DEMOCRATIC TRANSITION IN THAILAND
May 10, 2014
DEMOCRATIC TRANSITION IN THAILAND: LEARNING THE GAME OF POLITICS.
Political turmoil continues in Thailand. There is a lot of media interest in the fate of ousted prime minister Yingluck Shinawatra and the future of the Shinawatra dynasty (her brother Thaksin – who was ousted in 2006 – is now living in exile in the Middle East).
But I think this obsession with personalities is missing the larger context. Banning the Shinawatra dynasty from being prime minister will not solve Thailand’s problems. Thailand is in a democratic transition – and history shows us that democratic transitions tend to be messy. Many Thais have yet to learn the game of politics.
The country’s system of absolute monarchy ended in 1932 and then there were decades of military rule. The monarch remains a revered figure in Thai society but he is more a figurehead than a chief executive officer. There have been 18 military coups since 1932 and so the king is a symbol of stability and continuity in a period of great unrest. The current king has ruled since 1946 and he is getting frail.
The Move to a Democracy
Thailand’s route to democracy has continued via its 1997 constitution which has provided a greater opportunity for poor people to have a say in running the country. That is the purpose, after all, of having a democracy.
Billionaire politician Thaksin Shinawaatra realized that this represented a new era and so he created policies to appeal to the rural masses and not just the urban Bangkok elite.
He – and then later his sister – have done very well at winning elections. Government expenditure on the rural sector has moved from about 10 per cent of the total expenditure to 25 per cent. Their supporters wear the Red Shirts.
The peasants have caught on that this idea of democracy has a lot going for it. That is why the brother and sister have done so well at elections. They are creating policies that appeal to the masses.
Many of the urban elite have been appalled at the way in which the rural peasants now have a say in running the country.
The Yellow Shirt protesters want to scrap the current democracy. Their protests are not a re-run of protests in other countries where the elections have been rigged. The Yellow Shirts are not so much contesting the results (which always favour the Shinawatra dynasty) as wanting to scrap the entire process. They want a return to the old order of a small elite running the country, who would then focus on the priorities of the urban population.
The Yellow Shirts have also complained that the Shinawatra dynasty are corrupt. Corruption is alas widespread throughout the country and I have no way of assessing that particular complaint.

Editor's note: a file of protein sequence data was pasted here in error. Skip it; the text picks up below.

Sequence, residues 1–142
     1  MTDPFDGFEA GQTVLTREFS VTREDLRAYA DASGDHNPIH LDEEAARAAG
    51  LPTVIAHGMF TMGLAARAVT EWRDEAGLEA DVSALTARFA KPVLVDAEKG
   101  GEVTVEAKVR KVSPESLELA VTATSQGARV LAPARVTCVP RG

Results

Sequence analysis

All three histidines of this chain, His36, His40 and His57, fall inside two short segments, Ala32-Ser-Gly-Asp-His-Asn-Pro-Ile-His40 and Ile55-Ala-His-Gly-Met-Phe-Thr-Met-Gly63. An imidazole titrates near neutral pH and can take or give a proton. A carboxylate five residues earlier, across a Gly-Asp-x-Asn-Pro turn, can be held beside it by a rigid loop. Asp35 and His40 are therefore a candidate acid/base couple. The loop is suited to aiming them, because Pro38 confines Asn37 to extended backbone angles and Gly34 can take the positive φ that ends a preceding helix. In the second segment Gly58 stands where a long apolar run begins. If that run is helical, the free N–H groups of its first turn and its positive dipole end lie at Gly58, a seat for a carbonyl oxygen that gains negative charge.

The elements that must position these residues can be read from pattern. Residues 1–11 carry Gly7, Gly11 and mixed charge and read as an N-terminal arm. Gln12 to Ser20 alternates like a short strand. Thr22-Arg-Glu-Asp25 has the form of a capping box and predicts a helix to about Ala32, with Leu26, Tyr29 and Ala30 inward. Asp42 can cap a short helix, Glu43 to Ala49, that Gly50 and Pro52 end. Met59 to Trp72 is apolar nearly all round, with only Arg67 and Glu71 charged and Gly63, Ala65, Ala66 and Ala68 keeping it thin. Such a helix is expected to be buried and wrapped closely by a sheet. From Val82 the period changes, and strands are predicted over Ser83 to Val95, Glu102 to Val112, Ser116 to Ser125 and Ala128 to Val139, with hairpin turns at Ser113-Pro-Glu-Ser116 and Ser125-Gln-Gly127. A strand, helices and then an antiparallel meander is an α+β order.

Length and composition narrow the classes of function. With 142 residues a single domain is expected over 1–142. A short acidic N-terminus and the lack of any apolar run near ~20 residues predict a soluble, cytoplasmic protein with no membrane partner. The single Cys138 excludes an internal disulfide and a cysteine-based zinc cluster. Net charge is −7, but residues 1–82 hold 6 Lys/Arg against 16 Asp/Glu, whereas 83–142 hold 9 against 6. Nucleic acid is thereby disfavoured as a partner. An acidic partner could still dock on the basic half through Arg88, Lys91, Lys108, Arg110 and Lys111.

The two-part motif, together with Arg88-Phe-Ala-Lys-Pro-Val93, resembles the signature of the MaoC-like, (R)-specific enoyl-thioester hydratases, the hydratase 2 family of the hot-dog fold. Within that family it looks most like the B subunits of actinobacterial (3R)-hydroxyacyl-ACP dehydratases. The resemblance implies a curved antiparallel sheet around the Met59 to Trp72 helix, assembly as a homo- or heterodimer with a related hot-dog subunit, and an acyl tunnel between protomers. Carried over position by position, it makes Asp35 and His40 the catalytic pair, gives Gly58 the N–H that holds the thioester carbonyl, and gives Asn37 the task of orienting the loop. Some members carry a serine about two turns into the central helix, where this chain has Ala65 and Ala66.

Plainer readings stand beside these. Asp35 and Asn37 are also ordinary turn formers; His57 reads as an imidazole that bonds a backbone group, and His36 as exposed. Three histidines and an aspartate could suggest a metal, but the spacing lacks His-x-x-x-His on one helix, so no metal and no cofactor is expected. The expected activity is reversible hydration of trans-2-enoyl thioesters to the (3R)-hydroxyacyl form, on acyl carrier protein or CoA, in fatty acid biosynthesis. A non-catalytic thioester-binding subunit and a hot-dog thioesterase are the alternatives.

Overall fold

But, again, it is worth remembering the lessons of democracy – people often go into politics to make money for themselves. We have enough evidence of that in Australia, without having to go to Thailand. That, too, is part of the game of politics.
Will the Military Intervene?
One way of resolving the current deadlock could be for the military – again – to intervene.
But, here again, there is another lesson from the history of democracy.
A military can run a poor peasant society. The primary tasks are to maintain order and try to ensure that there is enough food in circulation to avoid starvation (some military in other countries have not been able to even achieve that).
But Thailand is now a modern developed society. It is a nation of 70 million people which attracts about 22 million tourists each year. This is a sophisticated service economy. The military cannot run hotels and travel agencies.
Thailand is also a major car manufacturer, especially for Japanese car producers. The motor car sector represents about 10 per cent of Thailand’s economy. Again, the military cannot be relied upon to ensure car production.
The bottom line, then, is that the military can provide immediate stability but it cannot guarantee the freedom necessary for a modern economy to flourish. That is why so many fascist dictatorships (such as in Taiwan, South Korea and Indonesia) have made way for democracies.
My Advice to the Yellow Shirts: Learn from Bismarck
First, the Yellow Shirts should acknowledge that the tide of history is flowing towards democracy. As a society develops, modernizes and becomes wealthier, so people want a say in how the country is governed.
Second, therefore the Yellow Shirts should get involved in the game of politics – rather than boycott it. They cannot put the clock back to small elite running the country. Times have changed.
Third, the Yellow Shirts should learn from some of the figures of history who were also caught up (perhaps against their will and personal preference) in the flowing tide of history.
For instance, German conservative chancellor (prime minister) Otto von Bismarck invented the idea of a government-financed welfare state in the 1880s. In 1889, for example, he created the first old age pension for people aged 70 and over. Bismarck stole the ideas of left-wing thinkers to remain in power by creating policies to appeal to the voters.
The Yellow Shirts should learn from Bismarck: get involved in the game of politics and learn how to win it.
Written By: Keith Suter, Managing Director www.Global-Directions.com